Arms and the Man presents two competing conceptions of bravery: the romantic and the realistic. The first belongs to Sergius at the beginning of the play and focuses on theatrical and dramatic actions taken during battle; this understanding pushes Sergius to lead a suicidal charge against a row of machine guns. The second is first articulated by Louka and focuses on personal integrity in the face of social pressure. Sergius demonstrates this second form of bravery when he agrees to marry Louka, a servant well below his social station with whom he has fallen in love.
Explain the symbolic value of Bluntschli’s chocolate rations and Raina’s chocolate creams.
Chocolate serves as a dual symbol in Arms and the Man. When in the form of Bluntschli’s gritty rations it represents pragmatism; chocolate with low dairy content was often used by soldiers in wartime, who prized its durability and caloric density. When in the form of Raina’s chocolate creams, it represents romanticism; chocolate creams were an expensive, fragile treat enjoyed primarily by the upper classes. Raina misunderstands the meaning of Bluntschli’s decision to carry chocolates; such a choice was not childish, but eminently reasonable given chocolate’s value as a ration and the fact that the Captain was issued the wrong cartridges.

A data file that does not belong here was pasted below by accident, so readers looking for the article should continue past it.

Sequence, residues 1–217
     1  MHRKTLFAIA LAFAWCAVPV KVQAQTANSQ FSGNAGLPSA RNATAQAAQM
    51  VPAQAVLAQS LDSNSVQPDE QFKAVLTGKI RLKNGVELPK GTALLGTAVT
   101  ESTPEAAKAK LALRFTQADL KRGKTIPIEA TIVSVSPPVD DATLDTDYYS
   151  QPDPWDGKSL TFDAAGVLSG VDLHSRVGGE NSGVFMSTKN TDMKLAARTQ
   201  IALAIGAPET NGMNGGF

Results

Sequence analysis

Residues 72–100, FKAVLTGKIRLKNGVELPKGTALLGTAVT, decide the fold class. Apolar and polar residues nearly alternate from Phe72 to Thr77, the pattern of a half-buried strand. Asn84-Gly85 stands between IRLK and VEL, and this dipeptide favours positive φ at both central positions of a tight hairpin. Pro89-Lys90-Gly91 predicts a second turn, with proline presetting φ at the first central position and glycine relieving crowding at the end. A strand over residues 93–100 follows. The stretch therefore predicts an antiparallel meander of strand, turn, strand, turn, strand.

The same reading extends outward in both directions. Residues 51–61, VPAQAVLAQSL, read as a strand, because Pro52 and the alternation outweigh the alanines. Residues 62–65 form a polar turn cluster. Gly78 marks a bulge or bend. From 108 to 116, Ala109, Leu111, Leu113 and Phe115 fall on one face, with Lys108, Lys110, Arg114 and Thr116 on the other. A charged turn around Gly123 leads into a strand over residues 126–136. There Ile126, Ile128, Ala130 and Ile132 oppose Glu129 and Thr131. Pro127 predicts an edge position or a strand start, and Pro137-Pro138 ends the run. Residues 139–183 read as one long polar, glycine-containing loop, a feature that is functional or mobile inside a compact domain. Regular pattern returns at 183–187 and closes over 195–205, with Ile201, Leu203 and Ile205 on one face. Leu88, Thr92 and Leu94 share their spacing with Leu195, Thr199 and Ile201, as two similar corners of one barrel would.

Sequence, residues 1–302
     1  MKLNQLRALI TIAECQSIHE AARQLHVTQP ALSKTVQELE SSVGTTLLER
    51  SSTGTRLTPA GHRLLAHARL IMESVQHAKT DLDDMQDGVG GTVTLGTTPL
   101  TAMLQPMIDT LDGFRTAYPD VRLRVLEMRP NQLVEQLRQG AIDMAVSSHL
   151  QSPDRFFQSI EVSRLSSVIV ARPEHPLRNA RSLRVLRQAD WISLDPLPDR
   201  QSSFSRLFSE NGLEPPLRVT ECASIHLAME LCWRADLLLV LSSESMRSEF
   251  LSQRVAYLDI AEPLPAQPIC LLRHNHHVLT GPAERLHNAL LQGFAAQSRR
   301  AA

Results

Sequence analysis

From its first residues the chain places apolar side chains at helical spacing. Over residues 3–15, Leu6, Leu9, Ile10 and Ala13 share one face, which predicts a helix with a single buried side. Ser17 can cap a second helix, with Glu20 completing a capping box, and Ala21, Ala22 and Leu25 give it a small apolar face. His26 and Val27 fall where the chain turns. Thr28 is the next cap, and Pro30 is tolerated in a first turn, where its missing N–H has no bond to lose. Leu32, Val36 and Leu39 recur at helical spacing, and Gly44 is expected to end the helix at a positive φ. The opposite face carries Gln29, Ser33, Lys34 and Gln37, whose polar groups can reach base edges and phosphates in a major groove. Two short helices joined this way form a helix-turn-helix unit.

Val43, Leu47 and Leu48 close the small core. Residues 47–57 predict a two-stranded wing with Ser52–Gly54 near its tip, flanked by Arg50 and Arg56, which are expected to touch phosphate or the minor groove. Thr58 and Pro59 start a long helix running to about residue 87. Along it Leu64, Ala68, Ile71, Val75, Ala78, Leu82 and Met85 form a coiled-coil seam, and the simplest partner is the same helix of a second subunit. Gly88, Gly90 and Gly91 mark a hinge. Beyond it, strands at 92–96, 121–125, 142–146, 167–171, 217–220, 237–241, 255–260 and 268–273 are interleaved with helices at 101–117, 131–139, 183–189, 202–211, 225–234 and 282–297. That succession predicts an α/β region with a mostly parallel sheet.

How does George Bernard Shaw use farcical elements to further the play’s theme?